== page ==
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Tuesday, August 17, 2010

Obama and THE Mosque

Here is the first time I commented on this mosque debate:

http://notanotherpoliticalblog-j.blogspot.com/2010/07/she-could-have-been-our-vp.html


I thought Palin was a lone wolf crazy lady on yet another issue. Turns out, 80% of America is with her this time. Doesn't make her right, though.


And now the President weighs in.

http://www.guardian.co.uk/world/2010/aug/14/barack-obama-ground-zero-mosque

http://news.yahoo.com/s/ap/20100814/ap_on_go_pr_wh/us_ground_zero_mosque_obama

Muslims have the right to build it. But he's not commenting on the wisdom of it. So, is that him saying that it isn't wise? Or is he really saying that it's not his business to comment on the wisdom. I hope it's the latter. Because really, what's the big deal? Whose business is it besides the zoning committee in that area of NY? Who cares if there is a giant catholic cathedral or a mosque or a religious buffet squarely on top of Ground Zero (let alone however many miles from it)??

I just don't understand the opposition: "It stabs hearts." "It's an insult to those who died on 9/11." "It's pouring salt in our wounds." "It's a slap in the face."

Isn't this America? The place people flee to when they want religious freedom or freedom of expression? Didn't Muslims also die on 9/11? Why are we still lumping together extremists with a political agenda who were hanging out in a bar and not acting too Muslim (who rammed planes into buildings) with the majority of normal Muslims who generally have the same basic values as Christians and Jews?


And what about the other mosques near ground zero? Why are they no big deal? They don't have community centers. Is that the issue? If this one is such an insult, will we insist that these others be closed? Should Muslims be banned from Ground Zero, NY, the northeast, public office, the US?

When we talk about having a few already in Manhattan, so there should be no problem with adding one more, the counterargument is why one more? Why can't they go to existing mosques. I guess that would be an ok argument if you were prepared to apply it to Christianity and Judaism as well... If we want our rights/ freedoms/ privileges preserved, we're going to have to protect those of others. Or cease being a democracy and haven for free expression and freedom of religion. It's a decision one has to make.

Prevailing wisdom says that we have to attack "them" there before they attack us here and "they" attacked because they are jealous of our freedom. This is backwards. They are not going to be able to walk in and take our freedom; that is something we are free to give up. I have been arguing since 9/11 that those who are opposed to mosques or Muslims are actually doing the terrorists' bidding. That is what they (terrorists, not Muslims) want. They want us to hate them and attack, so that they will be justified in what they do. The best thing for us to do is to stick even more firmly to American values and allow Muslims the freedom to worship anywhere just like anyone else. The more we allow hate and ignorance to dictate our policies against Muslims here and abroad, the more freedom we give up. We become less American and more like those nations which inspire such hatred in these discussions. Today, we may eliminate freedoms for Muslims. That may be fine for you as a Christian or Jew- for now- but watch out. You may be next. In nations that are in the business of limiting freedoms, you have to worry about such things.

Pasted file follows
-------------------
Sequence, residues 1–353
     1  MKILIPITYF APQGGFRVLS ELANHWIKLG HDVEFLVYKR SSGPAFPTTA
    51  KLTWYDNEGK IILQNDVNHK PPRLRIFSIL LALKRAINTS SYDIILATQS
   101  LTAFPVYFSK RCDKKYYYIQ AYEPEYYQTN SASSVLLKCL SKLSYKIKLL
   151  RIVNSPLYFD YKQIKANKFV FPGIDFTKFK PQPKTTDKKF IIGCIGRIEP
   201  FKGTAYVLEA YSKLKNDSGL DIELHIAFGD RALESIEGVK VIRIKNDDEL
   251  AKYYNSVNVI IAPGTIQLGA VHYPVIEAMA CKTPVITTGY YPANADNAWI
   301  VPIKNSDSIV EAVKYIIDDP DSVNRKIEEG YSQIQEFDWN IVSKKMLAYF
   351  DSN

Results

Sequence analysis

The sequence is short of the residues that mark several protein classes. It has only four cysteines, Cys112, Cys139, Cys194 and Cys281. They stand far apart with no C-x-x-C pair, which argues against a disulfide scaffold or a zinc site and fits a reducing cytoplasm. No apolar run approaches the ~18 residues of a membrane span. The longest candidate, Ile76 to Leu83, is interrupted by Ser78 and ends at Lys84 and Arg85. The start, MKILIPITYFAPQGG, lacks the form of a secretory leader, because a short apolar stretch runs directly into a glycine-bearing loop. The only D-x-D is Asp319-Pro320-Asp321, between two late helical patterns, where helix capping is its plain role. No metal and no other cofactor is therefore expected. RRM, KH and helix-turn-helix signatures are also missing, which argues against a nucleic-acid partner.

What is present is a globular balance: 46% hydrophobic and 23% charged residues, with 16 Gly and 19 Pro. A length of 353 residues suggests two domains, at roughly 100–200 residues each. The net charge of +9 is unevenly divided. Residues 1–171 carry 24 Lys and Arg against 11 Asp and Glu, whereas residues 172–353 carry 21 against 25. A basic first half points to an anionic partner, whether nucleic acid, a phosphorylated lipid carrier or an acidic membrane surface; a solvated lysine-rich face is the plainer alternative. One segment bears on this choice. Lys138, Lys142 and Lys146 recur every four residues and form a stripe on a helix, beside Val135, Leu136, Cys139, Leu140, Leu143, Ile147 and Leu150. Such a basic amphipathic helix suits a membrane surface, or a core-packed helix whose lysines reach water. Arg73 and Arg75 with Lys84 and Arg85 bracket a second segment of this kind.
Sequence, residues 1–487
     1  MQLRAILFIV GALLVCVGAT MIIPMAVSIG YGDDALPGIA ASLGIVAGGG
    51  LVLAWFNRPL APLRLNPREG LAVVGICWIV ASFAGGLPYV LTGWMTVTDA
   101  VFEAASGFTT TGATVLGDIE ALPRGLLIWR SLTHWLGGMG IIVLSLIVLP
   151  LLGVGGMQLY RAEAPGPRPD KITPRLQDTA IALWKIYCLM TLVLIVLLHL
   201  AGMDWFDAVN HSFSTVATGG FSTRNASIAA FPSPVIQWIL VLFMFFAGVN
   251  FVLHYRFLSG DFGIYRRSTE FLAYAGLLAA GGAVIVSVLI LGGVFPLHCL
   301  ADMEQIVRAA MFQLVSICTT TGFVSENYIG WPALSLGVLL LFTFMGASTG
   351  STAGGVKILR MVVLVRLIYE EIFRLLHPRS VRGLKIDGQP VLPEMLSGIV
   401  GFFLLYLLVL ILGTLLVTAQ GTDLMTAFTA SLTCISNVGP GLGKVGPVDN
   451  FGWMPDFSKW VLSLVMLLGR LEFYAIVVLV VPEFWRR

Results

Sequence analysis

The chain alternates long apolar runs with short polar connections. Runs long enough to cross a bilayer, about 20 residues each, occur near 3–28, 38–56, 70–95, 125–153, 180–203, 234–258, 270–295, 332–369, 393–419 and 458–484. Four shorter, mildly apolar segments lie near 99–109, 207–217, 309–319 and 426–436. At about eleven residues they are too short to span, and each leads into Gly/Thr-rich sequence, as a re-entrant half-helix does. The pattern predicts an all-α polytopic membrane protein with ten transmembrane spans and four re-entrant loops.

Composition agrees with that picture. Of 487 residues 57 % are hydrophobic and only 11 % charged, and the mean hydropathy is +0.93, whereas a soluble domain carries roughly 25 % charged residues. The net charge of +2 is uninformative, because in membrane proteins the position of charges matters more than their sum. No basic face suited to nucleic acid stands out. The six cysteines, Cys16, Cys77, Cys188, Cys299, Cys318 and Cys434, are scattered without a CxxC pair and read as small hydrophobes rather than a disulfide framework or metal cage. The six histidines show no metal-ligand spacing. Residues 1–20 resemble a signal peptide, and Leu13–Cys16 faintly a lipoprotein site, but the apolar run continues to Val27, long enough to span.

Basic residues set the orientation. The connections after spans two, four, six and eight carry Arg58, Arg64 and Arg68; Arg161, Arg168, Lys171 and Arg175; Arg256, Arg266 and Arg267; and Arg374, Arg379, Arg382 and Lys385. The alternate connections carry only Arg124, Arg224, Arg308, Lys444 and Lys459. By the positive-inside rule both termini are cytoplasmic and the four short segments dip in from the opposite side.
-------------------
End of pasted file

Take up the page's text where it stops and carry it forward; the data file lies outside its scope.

Stats are being reported as 75-80% of Americans oppose it and 25% support it or something like that. I was hoping most would say it's the residents' and zoning boards' business, not say- "Muslims. Eeew."


Despite all the opposition, one family member of a 9/11 victim had this to say, though:


The mosque is "in many ways ... a fitting tribute," said Colleen Kelly of the Bronx, who lost her brother Bill Kelly Jr. in the attacks. "This is the voice of Islam that I believe needs a wider audience," said Kelly, who is Catholic. "This is what moderate Islam is all about."


A point was brought up on NPR's Talk of the Nation that everyone (or at least many groups) has been an outsider in this country at one time or another and it is part of the awareness and becoming American. I thought that was an interesting idea.

Another point on the same program, TOTN, was that more mosques mean more discussion among Muslims about the "radical" and "moderate" interpretations and less radicalization rather than more, so allowing mosques is probably more beneficial than banning them. There was an example of an imam in Virginia being kicked out as a result of this process and discussion. Food for thought.


And some satire on this from Jon Stewart if you like:
http://www.huffingtonpost.com/2010/08/17/stewart-rips-fox-news-for_1_n_684467.html


And CNN's Fareed Zakaria returned his award from the ADL over this. Go Zakaria! It's easy to see why- it was a First Amendment Freedoms Prize- and you can guess the ADL's stance on this issue.


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